As expected of a 4K display, it’s extremely sharp. As expected of Microsoft, Windows still doesn’t know what true resolution scaling is.
Ignoring Windows’ issues for now, I found the display to be comfortably bright and very nice in most usage scenarios. I wasn’t too happy with the black levels on the screen however. I found that some details in darker areas simply vanished and more critical testing showed that black levels on the devices are quite bad. White levels were fine though.
Banding was very much in control and gamma at full brightness was around 1.2. This is not the most accurate of displays, but only the more finicky users will complain.
Before we talk about the performance metrics, I’d like to draw everyone’s attention to the handful of Asus-branded apps that are installed on the laptop by default. There’s an app for managing audio, one for performance profiles, one for the USB charger and more.
They’re almost all unnecessary. The audio software does the same thing that an equaliser does, which might have some use in certain scenarios, but the program that manages performance profiles is worse than useless.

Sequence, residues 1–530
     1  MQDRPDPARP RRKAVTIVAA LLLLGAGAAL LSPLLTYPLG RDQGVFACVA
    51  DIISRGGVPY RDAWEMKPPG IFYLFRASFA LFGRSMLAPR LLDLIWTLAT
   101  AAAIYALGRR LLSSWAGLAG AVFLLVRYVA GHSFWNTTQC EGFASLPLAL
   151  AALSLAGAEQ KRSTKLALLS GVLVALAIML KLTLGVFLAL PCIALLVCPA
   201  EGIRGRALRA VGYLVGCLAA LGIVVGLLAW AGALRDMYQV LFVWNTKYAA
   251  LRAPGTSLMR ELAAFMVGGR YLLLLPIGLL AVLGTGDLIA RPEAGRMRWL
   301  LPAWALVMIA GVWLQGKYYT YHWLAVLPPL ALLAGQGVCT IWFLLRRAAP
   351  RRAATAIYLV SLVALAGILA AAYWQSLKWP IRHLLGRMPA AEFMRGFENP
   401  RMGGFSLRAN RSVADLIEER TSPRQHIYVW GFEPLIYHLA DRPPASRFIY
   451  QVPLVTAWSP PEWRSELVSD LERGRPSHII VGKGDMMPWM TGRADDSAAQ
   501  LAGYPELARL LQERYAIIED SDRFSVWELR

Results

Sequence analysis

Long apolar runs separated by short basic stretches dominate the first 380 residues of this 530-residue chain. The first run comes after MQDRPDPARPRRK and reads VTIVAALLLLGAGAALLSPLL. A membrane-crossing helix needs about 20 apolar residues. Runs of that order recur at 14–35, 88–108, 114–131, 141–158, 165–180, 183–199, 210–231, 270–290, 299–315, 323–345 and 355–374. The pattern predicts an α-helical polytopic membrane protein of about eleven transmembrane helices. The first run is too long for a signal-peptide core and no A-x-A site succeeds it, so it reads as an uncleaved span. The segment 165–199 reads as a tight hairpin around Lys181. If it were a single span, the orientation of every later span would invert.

At the time I started testing, I was surprised to see performance figures that were about 50 percent of what I’d seen on the Asus G501V and Dell Inspiron 7559. All three laptops have identical specifications. A little further digging led to the discovery that the CPU was being severely throttled (despite a performance profile that should have prevented that) under load. Tweaking profiles and Power Management settings had no effect.
Finally, unable to figure out what the issue was, I uninstalled all of Asus’ bloatware and voila! Performance numbers shot back up to the expected range and the CPU wasn’t so severely throttled anymore. There was still some thermal throttling taking place, but it was well within acceptable limits.
As you can see from the results, the Asus G551V consistently outperforms the Dell Inspiron 15 7559 at higher settings and performs on par with the Asus G501V. The Dell’s excellent cooling mechanism ensured a very high Metro: Last Light score, but the Dell’s underclocked GPU cost it dearly elsewhere.
The Asus G501V had severe thermal issues and seemed intent on roasting my legs (base temperatures reached 49 degrees Celsius) whenever I placed it on my lap. It could also manage high performance only in bursts. Considering these issues, the Asus G551V is the winner in my book.
Read and write speeds on the SSD were 421MB/s and 122MB/s respectively. These are much lower than what you’d get on an NVMe SSD as on the Asus G501VW, but it’s still way better than a hard disk. Too bad it’s only 128GB though.
The designated USB charging port delivered exactly what was promised. The charge current varied from around 1000mA to 1200mA, which is just about the same charge you’d get from a normal wall charger.
Publish date: August 5, 2016 10:00 am| Modified date: August 5, 2016 10:03 am
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